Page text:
You could say Wrexham has an A-list aura about it at the moment. This Welsh border conurbation used to be North Wales’s largest town until the Queen gave it city status as part of her Platinum Jubilee celebrations in June 2022.
Lying thirteen miles south of Chester, the larger administrative area of Wrexham County Borough covers 193 square miles, stretching from the Clwydian Hills and Berwyn mountains in the west, through to the lowlands of the Dee Valley and Cheshire Plain to the east.
I’m approaching Wrexham through these lush Dee Valley lowlands, which are known locally as Maelor Country.
Maelor is an old Welsh word that comes from mael, which means prince, and llawr, the word for low ground or region. So, Maelor Country means the lowland of the prince.
And I’m greeted by a right royal sight when I enter the village of Overton-on-Dee, just six short miles from Wrexham’s new city centre.
Surrounding St Mary’s Church are twenty-one enormous yew trees, the oldest of which is somewhere between 1,500 and 2,000 years old. Unsurprisingly, some of its branches need a little support to stay upright!
The Overton Yews are known as one of the Seven Wonders of Wales, part of a rhyme reputedly created in the 18th century by an English tourist, who wrote:
Pistyll Rhaeadr and Wrexham steeple,
Snowdon’s mountain without its people,
Overton yew trees, St Winefride wells,
Llangollen bridge and Gresford bells.
So huge are Overton’s yews, most of them are older than 1,300 years, which means they predate the stone church building standing before me today.
The road from Overton brings me right into the heart of Wrexham, to a car park at the foot of another of Wales’s wonders. In the rhyme, it’s referred to as the Wrexham steeple. However, strictly speaking, this wonder of Wales is not a steeple but the tower of St Giles’ Church.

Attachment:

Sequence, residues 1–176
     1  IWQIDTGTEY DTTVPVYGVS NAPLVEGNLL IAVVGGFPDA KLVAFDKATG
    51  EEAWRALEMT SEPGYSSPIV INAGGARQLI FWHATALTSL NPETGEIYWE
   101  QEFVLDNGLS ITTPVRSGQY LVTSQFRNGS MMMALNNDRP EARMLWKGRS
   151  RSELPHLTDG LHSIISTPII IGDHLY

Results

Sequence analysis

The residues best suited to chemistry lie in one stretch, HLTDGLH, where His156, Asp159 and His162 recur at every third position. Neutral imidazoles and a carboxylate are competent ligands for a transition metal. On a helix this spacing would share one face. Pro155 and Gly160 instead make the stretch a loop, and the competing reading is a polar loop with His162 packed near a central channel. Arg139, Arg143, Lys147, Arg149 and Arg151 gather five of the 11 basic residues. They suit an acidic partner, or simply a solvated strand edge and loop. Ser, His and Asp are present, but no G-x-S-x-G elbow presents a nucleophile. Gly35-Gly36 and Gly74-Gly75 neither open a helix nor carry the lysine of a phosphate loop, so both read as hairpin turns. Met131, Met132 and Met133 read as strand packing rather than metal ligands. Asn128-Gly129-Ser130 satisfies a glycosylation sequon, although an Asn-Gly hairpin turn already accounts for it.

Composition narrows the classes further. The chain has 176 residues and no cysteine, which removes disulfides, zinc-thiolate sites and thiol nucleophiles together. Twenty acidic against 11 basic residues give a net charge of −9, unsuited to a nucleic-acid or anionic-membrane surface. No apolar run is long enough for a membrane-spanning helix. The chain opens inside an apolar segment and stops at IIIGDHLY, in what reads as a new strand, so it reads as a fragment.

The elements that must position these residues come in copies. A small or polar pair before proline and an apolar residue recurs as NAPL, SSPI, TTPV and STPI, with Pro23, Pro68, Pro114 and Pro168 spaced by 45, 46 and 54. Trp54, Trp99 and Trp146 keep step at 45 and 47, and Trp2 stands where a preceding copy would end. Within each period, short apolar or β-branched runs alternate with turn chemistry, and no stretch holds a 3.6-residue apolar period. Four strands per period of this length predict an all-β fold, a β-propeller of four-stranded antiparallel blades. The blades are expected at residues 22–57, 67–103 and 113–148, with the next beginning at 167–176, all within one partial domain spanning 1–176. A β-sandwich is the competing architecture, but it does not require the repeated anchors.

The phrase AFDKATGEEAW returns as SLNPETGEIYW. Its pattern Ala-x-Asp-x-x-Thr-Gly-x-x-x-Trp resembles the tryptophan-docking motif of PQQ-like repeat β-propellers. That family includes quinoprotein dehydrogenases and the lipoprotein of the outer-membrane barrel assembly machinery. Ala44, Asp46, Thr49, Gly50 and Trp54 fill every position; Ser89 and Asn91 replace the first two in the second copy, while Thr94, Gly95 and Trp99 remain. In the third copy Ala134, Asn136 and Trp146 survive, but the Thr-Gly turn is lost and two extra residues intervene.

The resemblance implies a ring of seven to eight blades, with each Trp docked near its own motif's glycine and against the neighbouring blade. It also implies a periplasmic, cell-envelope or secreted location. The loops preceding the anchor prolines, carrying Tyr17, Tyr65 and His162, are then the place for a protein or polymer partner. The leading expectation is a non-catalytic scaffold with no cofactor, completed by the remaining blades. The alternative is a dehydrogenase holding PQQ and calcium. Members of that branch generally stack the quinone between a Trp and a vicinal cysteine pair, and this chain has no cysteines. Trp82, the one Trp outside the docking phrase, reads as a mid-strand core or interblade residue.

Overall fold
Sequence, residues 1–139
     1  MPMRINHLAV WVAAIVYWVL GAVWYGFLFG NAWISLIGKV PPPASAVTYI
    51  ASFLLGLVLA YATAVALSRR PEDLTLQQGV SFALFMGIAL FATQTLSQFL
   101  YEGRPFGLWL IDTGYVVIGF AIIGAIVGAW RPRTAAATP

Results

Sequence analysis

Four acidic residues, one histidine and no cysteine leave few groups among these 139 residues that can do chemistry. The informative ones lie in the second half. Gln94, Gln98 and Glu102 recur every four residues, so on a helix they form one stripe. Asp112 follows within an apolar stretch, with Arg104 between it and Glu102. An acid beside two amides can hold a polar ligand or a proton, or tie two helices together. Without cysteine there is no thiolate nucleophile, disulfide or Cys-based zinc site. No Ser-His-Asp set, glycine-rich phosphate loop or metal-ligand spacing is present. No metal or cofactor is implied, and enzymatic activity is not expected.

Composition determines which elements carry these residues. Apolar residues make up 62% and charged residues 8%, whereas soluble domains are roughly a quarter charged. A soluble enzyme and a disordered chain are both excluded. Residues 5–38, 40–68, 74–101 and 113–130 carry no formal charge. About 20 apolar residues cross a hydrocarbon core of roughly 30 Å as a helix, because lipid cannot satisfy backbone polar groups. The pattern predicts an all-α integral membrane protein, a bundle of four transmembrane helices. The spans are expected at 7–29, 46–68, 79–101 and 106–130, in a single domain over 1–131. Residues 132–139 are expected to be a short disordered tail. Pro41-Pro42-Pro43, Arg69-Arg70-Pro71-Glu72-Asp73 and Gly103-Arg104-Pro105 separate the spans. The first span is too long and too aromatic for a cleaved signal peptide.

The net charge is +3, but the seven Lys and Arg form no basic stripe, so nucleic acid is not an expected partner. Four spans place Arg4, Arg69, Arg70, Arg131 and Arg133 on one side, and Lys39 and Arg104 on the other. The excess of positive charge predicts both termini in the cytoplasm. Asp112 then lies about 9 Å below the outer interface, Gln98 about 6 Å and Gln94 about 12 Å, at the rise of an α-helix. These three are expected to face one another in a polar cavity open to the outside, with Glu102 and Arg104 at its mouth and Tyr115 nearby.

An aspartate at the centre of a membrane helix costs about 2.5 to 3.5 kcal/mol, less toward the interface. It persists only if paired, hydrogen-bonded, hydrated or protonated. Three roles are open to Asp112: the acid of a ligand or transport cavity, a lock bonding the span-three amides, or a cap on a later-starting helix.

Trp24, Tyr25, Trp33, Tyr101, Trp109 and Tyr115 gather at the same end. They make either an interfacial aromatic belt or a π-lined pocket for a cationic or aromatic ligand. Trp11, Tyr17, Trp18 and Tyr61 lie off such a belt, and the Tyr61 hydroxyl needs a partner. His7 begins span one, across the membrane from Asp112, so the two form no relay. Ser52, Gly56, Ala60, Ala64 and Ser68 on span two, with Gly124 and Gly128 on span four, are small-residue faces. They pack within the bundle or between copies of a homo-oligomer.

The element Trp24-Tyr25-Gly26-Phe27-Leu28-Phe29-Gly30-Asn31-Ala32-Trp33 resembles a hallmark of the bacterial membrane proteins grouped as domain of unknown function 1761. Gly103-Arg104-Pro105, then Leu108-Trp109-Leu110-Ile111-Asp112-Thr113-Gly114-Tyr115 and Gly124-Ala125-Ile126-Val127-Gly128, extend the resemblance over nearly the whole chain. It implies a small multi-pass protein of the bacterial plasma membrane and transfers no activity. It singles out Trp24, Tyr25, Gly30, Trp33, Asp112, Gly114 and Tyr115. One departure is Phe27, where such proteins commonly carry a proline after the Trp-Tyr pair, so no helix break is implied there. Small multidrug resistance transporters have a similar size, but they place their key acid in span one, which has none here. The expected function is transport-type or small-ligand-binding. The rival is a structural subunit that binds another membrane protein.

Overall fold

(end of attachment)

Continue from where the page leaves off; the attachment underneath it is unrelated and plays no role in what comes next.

A steeple has a spire on top of a tower, but St Giles’s only has a tower. The original blew down in gales in 1330, and they did not complete this replacement until 1506.
It might not have a spire on top, but it still towers 135 feet into the sky. Anyone with a head for heights can climb the 149 spiral steps to the top.
This Grade 1 listed building is one of the largest and greatest parish churches in Wales. Its cathedral-like interior houses some amazing sights.
“If you look up above the east wall arch,” says my guide, “you can make out the faded colours of the Doom Painting.” She points to a section of wall between the top of the arch and the roof. “Dating from the 16th century,” she continues, “it depicts the Day of Judgement, with people rising from their coffins to meet God.”
For something that’s over five hundred years old, I’m amazed at how much detail I can still make out.
There’s also a stunning stained-glass window in the north aisle commemorating the Royal Welch Fusiliers regiment.
“I thought the regiment was called the Royal Welsh Fusiliers,” I queried.
She smiles. “Historically, the Welch spelling is correct, but during the 18th century, they used the English spelling of Welsh instead. However, in 1920, the War Office officially recognised the Welch spelling, which is how we refer to the regiment today.”